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Tip of the Week: How to Know if You’ve Experienced a Data Breach

Tip of the Week: How to Know if You’ve Experienced a Data Breach

Your data needs to be protected--that’s something that we all can agree on. However, even if your data were to be targeted in a data breach, would you be able to see the attack coming? Here are three telltale signs that your data is in imminent danger.

The Identity Theft Resource Center, or ITRC, claims to have recorded 781 data breaches in 2015 alone, and that’s just for the United States. This is the second-highest number recorded since the ITRC began tracking data breach counts in 2005. In 2015, the ITRC saw that the business sector made up nearly 40 percent of all reports, with thieves targeting information like financial credentials or personal data. One can only assume the 2016 report will exceed this number.

Therefore, it’s crucial that businesses stay vigilant and understand that even if you’ve taken steps to avoid data breaches, chances are that you’ll still fall victim to one sometime in the future. You can’t just assume that you’ll never be targeted--rather, you should assume as such, and stay cautious. Here are some best practices that you can follow to keep data breaches from wreaking havoc on your systems.

Define “Normal”
To identify problems in your infrastructure, you first need to understand what operating as intended means. You should familiarize yourself with your IT infrastructure, including which employees have access to certain data and network traffic during specific times of day. Only then can you truly understand what to look for in terms of strange occurrences.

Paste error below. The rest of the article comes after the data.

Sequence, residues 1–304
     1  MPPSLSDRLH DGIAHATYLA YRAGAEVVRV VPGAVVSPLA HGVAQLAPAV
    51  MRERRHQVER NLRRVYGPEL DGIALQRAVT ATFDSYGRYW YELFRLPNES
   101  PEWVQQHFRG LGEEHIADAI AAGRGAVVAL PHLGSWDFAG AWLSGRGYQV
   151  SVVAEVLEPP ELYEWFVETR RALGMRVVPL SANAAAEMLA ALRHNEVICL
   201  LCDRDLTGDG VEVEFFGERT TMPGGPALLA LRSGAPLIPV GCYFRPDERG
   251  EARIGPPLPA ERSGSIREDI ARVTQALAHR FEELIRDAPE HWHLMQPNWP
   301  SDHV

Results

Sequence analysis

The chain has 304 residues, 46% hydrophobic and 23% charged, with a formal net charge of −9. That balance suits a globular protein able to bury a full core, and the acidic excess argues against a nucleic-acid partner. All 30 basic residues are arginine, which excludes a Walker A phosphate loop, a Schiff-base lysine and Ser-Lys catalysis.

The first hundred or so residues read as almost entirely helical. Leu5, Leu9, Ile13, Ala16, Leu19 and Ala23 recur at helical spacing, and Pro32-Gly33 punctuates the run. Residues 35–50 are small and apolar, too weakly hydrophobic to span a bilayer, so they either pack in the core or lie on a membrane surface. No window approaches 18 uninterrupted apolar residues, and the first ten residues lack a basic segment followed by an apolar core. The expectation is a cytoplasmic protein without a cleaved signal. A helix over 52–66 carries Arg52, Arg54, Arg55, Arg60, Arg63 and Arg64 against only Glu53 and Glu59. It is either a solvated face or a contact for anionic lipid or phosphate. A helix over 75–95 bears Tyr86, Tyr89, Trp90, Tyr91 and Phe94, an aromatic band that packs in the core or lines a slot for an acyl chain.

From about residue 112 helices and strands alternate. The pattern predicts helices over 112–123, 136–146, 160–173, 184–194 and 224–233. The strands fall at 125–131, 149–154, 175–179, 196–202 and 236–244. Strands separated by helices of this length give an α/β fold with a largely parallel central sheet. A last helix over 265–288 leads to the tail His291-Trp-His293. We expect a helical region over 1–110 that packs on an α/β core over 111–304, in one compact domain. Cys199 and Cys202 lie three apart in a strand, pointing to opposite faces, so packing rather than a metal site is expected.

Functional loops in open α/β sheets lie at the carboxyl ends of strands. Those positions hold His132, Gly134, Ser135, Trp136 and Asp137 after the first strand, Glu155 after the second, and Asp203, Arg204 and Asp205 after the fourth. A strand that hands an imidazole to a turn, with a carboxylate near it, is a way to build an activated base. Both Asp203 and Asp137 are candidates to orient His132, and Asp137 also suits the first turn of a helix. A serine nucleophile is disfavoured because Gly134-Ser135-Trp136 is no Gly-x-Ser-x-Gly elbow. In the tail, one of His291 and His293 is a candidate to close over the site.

Keep an Eye Out for Unusual Activity
Data breaches are rarely things that go without signs or warnings. Look out for these subtle problems with your technology solutions, for they could mean that there’s a much bigger problem just beneath the surface.

  • Unusual or unapproved programs: If random programs are suddenly showing up on your workstations, you may have a breach on your hands. In this particular case, you can ask for your employees’ cooperation. If they see something out of place on their workstation, ask them to report it to IT.
  • Unexplained employee activity: Your network access logs should be able to show you specific times and dates that your team is accessing information. If these can’t be explained (like an employee accessing data at 4am from a country on the other side of the world), you’ll know that there’s something fishy going on.
  • Other breach attempts: If you’ve had to stave off a rather obvious cyber attack in recent weeks, you might be dealing with something much more dangerous. Certain attacks, like DDoS, are used as distractions to allow other dangers to sneak into your infrastructure. Therefore, in order to ensure maximum security, you cannot assume that an attack is over when it seems to be over. The worst might still be yet to come.

Educate Your Employees
Arguably the most important part of data security is ensuring that your team understands the concept of network security. Your employees should know how to identify common threats and avoid them. After all, anyone who accesses sensitive information should know when it’s in danger of being stolen.

For more ways to keep your data safe, give White Mountain IT Services a call at 603-889-0800.

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